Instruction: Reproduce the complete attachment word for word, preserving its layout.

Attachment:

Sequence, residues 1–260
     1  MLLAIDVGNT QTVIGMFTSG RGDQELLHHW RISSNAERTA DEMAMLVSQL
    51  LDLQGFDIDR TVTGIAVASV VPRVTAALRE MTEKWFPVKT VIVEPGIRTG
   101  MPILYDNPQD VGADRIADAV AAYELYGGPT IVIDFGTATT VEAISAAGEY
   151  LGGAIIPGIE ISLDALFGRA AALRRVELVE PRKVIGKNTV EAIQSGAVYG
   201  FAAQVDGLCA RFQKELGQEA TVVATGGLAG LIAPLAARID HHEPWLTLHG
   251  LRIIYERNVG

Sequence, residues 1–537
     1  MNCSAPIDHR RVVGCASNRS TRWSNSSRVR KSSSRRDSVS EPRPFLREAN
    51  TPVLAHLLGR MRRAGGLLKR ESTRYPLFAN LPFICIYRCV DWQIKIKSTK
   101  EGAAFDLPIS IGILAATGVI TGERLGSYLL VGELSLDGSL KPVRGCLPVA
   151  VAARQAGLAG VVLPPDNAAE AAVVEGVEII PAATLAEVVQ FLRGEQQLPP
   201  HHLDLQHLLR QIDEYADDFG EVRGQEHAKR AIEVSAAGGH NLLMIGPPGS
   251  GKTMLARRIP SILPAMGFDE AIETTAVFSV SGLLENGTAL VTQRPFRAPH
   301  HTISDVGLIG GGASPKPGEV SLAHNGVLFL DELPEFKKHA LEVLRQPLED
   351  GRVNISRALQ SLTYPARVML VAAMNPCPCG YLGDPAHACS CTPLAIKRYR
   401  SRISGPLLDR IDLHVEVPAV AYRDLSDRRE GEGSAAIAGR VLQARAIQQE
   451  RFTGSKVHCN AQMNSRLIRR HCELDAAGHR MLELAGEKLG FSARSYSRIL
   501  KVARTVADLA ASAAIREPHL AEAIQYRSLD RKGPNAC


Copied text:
Sequence, residues 1–260
     1  MLLAIDVGNT QTVIGMFTSG RGDQELLHHW RISSNAERTA DEMAMLVSQL
    51  LDLQGFDIDR TVTGIAVASV VPRVTAALRE MTEKWFPVKT VIVEPGIRTG
   101  MPILYDNPQD VGADRIADAV AAYELYGGPT IVIDFGTATT VEAISAAGEY
   151  LGGAIIPGIE ISLDALFGRA AALRRVELVE PRKVIGKNTV EAIQSGAVYG
   201  FAAQVDGLCA RFQKELGQEA TVVATGGLAG LIAPLAARID HHEPWLTLHG
   251  LRIIYERNVG

Sequence, residues 1–537
     1  MNCSAPIDHR RVVGCASNRS TRWSNSSRVR KSSSRRDSVS EPRPFLREAN
    51  TPVLAHLLGR MRRAGGLLKR ESTRYPLFAN LPFICIYRCV DWQIKIKSTK
   101  EGAAFDLPIS IGILAATGVI TGERLGSYLL VGELSLDGSL KPVRGCLPVA
   151  VAARQAGLAG VVLPPDNAAE AAVVEGVEII PAATLAEVVQ FLRGEQQLPP
   201  HHLDLQHLLR QIDEYADDFG EVRGQEHAKR AIEVSAAGGH NLLMIGPPGS
   251  GKTMLARRIP SILPAMGFDE AIETTAVFSV SGLLENGTAL VTQRPFRAPH
   301  HTISDVGLIG GGASPKPGEV SLAHNGVLFL DELPEFKKHA LEVLRQPLED
   351  GRVNISRALQ SLTYPARVML VAAMNPCPCG YLGDPAHACS CTPLAIKRYR
   401  SRISGPLLDR IDLHVEVPAV AYRDLSDRRE GEGSAAIAGR VLQARAIQQE
   451  RFTGSKVHCN AQMNSRLIRR HCELDAAGHR MLELAGEKLG FSARSYSRIL
   501  KVARTVADLA ASAAIREPHL AEAIQYRSLD RKGPNAC